In 1862, Central Pacific and Union Pacific Railroads compete westward across the wilderness toward California.In 1862, Central Pacific and Union Pacific Railroads compete westward across the wilderness toward California.In 1862, Central Pacific and Union Pacific Railroads compete westward across the wilderness toward California.
The movie starts similar to The Plainsman, in Washington after the Civil War, with politicians turning their eyes to the West, in this case to the railroad destined to join the two coasts. The purpose of these scenes, of course, is to emphasize the historical importance of the story. DeMille is creating an epic narrative here, subscribing to the notion os Manifest Destiny exactly like he did in the Plainsman.
Then we are introduced to the main characters, and still it seems like this is going to go the same way of The Plainsman, where there was a certain lack of narrative focus, because of trying to include too much material in the story. As this movie goes on, however, it finds its focus, and manages to combine spectacular action with a focused character-driven story.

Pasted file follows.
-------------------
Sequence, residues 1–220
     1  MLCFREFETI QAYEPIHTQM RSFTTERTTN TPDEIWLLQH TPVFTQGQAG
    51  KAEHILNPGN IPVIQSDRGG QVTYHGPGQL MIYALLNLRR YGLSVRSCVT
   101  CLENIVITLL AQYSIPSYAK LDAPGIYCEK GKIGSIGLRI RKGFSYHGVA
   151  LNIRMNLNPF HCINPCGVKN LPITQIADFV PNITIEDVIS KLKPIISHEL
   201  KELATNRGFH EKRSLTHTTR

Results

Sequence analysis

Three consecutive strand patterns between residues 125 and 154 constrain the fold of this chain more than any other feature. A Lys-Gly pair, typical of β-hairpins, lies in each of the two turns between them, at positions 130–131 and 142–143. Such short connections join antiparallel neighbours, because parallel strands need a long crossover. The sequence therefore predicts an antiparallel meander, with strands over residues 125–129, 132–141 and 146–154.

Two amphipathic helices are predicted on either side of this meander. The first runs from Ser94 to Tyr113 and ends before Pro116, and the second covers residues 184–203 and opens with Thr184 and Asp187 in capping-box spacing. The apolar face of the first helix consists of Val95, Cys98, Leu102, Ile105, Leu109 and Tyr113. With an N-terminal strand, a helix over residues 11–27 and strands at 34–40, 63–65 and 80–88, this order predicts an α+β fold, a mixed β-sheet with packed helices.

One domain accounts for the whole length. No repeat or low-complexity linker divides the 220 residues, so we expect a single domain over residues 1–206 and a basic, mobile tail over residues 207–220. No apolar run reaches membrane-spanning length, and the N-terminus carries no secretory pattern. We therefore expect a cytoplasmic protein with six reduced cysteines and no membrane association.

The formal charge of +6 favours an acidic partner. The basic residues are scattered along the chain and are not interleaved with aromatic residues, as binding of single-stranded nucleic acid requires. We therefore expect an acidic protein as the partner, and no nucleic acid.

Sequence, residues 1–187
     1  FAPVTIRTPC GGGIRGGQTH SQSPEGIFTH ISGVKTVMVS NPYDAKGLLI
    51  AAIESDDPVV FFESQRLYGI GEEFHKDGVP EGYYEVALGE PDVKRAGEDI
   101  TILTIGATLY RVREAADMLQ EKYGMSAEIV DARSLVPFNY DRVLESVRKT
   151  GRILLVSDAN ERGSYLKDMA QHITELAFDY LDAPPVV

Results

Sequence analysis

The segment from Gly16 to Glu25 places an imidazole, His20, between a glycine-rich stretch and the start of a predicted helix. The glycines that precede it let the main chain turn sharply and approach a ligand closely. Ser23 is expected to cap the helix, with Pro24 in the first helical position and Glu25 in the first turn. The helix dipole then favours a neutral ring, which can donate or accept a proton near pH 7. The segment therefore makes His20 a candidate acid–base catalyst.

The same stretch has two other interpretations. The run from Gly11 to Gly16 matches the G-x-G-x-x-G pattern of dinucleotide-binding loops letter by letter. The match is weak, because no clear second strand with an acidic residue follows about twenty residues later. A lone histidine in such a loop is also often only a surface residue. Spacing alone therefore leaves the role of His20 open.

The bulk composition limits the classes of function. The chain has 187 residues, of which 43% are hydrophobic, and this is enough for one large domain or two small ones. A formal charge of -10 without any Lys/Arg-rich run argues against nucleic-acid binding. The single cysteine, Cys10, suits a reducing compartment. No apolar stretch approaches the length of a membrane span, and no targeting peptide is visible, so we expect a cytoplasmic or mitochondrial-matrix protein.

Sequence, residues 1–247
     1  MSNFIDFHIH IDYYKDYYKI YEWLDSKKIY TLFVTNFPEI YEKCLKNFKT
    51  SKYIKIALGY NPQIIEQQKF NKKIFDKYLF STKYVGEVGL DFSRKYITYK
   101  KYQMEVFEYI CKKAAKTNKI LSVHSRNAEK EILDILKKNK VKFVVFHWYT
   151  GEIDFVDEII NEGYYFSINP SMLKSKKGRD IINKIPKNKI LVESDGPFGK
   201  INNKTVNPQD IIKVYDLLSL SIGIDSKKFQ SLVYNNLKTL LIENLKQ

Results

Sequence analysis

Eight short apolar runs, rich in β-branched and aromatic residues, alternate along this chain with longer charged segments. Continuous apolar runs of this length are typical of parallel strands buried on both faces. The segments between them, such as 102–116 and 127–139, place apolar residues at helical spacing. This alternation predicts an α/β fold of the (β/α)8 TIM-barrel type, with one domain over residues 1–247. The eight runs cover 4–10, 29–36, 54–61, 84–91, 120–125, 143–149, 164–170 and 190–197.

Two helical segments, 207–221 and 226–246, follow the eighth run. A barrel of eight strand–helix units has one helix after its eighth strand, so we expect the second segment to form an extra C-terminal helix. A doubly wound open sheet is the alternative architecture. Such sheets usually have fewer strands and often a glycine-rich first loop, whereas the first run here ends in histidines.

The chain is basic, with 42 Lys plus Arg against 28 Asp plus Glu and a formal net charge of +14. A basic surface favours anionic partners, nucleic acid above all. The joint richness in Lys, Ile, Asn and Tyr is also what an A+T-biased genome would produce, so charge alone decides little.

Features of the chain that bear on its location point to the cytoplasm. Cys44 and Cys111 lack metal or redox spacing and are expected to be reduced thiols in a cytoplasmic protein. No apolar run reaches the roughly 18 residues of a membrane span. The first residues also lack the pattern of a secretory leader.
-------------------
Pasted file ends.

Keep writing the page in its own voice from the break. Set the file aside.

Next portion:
We do get a feeling of the epic and historical narrative DeMille is going for, but we also get some pathos in the characters' stories, with two friends that find themselves fighting on different sides of the conflict, and at the same time competing for the love of the same woman. Don't miss scenes like the tense showdown after the robbery.
Once you get over her exaggerated Irish accent, Barbara Stanwyck is excellent, feminine following the standards of her time, but far from a helpless damsel. Joel McCrea brings less to the table as the square-jawed hero, although his unexpressive toughness does the job for his role. Robert Preston is quite good in his supporting role, as McCrea's friend now turned crook.
As expected, I was entertained, but I also could get invested in the story in a way that I couldn't with The Plainsman. I have no doubt that, while based on a real epic like the Transcontinental Railroad project, it takes many liberties and completely disregards historical accuracy in order to create dramatism and conflict. But I know that and I accept it as long as the story is worth it. And this one is.
- Dec 7, 2020